“I think the bubble is bigger,” Ron Paul added. “I think the debt is bigger. The demands are bigger, and people are way overconfident even though they’re getting worried — way overconfident that you can take your debt at $10 trillion and, in a few years, switch it to $30 trillion, and nothing changes.”

But things are changing and changing quickly.  Debt is a drag on the economy as is becoming ever apparent.  Matthew Piepenburg had this to say on the topic (Source:  https://goldswitzerland.com/the-u-s-just-another-inflation-seeking-banana-republic/)

What the U.S. in particular, and the West in general, are failing to confess is that today’s so-called “Developed Economies” are in actual fact more like yesterday’s debt-straddled Emerging Market economies, and like a real banana republic, the only option ahead for our clueless elites is inflationary (and intentionally so).

Titanic Ignorance

I’ve often cryptically joked that listening to investors, mainstream financial pundits or downstream politicians debating about near-term asset class direction, inflation “management” or central bank miracle solutions is like listening to First Class passengers on the Titanic debating about dessert choices on the menu in their hands rather than the debt iceberg off their bow.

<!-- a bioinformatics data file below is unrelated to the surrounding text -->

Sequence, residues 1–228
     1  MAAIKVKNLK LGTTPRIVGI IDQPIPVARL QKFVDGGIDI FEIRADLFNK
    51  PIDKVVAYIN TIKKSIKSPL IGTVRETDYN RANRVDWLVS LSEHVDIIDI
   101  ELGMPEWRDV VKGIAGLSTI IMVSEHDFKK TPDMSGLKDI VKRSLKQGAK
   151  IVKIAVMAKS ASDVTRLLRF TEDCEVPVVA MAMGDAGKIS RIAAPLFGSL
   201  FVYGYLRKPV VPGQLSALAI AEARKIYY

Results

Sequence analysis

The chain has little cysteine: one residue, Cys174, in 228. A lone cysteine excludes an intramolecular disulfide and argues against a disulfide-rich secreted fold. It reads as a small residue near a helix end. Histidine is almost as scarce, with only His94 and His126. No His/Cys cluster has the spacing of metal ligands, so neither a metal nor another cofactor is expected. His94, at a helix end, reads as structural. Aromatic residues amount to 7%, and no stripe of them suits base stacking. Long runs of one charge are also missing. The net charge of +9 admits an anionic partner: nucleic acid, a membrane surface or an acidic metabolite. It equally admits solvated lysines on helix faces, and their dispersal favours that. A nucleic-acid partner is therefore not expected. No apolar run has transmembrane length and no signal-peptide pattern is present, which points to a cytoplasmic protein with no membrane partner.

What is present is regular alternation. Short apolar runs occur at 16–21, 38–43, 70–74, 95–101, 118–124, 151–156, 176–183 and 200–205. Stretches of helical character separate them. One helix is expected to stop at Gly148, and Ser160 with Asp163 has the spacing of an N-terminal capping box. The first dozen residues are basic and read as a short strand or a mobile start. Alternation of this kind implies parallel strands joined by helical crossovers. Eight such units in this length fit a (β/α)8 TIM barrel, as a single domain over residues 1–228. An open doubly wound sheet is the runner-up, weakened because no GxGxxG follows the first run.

In short: The real issues are right in front of us, yet ignored until the economic ship is already dipping beneath the waves.

Rising Debt + Declining Income = Uh-Oh.

As for such hard facts (i.e., icebergs), the most obvious are fatal global and national debt levels rising at levels which can never be repaid….

Meanwhile, national income from GDP and tax receipts are falling, which means debts are grossly outpacing revenues, which any kitchen table, boardroom, or even cabinet meeting conversation should know is a bad thing…

Toward this end, it’s worth lifting our eyes above the A-deck menu and taking a hard look at the following iceberg scrapping the bow, namely: Tanking US tax receipts:

What Biden and Powell might wish to remind themselves is that U.S. tax receipts have fallen YoY by 16%, and are likely to fall even further as markets continue their trend South at the same time the US steers toward a recessionary block of ice.